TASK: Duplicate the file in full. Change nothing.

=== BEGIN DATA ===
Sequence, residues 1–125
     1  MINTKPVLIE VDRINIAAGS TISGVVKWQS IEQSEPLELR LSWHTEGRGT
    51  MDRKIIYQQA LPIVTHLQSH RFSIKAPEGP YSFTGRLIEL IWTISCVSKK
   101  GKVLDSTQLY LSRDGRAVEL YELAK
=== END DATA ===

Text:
Sequence, residues 1–125
     1  MINTKPVLIE VDRINIAAGS TISGVVKWQS IEQSEPLELR LSWHTEGRGT
    51  MDRKIIYQQA LPIVTHLQSH RFSIKAPEGP YSFTGRLIEL IWTISCVSKK
   101  GKVLDSTQLY LSRDGRAVEL YELAK